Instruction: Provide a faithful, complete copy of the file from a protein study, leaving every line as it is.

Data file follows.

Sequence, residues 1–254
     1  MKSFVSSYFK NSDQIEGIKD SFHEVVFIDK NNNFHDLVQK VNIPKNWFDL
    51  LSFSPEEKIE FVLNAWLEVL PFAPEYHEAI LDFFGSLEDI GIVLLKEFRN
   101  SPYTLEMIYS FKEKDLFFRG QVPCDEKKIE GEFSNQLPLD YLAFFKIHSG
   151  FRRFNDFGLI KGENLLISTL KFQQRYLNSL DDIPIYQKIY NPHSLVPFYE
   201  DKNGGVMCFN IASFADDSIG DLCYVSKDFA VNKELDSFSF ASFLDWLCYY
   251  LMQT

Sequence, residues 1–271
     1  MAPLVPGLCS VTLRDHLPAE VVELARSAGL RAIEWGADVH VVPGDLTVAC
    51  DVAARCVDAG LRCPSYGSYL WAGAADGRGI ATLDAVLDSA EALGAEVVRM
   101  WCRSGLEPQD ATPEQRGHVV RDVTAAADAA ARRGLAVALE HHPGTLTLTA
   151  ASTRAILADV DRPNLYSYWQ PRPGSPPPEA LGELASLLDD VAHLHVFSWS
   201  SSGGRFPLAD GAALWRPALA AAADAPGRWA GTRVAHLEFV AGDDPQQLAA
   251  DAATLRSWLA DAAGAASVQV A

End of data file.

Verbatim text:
Sequence, residues 1–254
     1  MKSFVSSYFK NSDQIEGIKD SFHEVVFIDK NNNFHDLVQK VNIPKNWFDL
    51  LSFSPEEKIE FVLNAWLEVL PFAPEYHEAI LDFFGSLEDI GIVLLKEFRN
   101  SPYTLEMIYS FKEKDLFFRG QVPCDEKKIE GEFSNQLPLD YLAFFKIHSG
   151  FRRFNDFGLI KGENLLISTL KFQQRYLNSL DDIPIYQKIY NPHSLVPFYE
   201  DKNGGVMCFN IASFADDSIG DLCYVSKDFA VNKELDSFSF ASFLDWLCYY
   251  LMQT

Sequence, residues 1–271
     1  MAPLVPGLCS VTLRDHLPAE VVELARSAGL RAIEWGADVH VVPGDLTVAC
    51  DVAARCVDAG LRCPSYGSYL WAGAADGRGI ATLDAVLDSA EALGAEVVRM
   101  WCRSGLEPQD ATPEQRGHVV RDVTAAADAA ARRGLAVALE HHPGTLTLTA
   151  ASTRAILADV DRPNLYSYWQ PRPGSPPPEA LGELASLLDD VAHLHVFSWS
   201  SSGGRFPLAD GAALWRPALA AAADAPGRWA GTRVAHLEFV AGDDPQQLAA
   251  DAATLRSWLA DAAGAASVQV A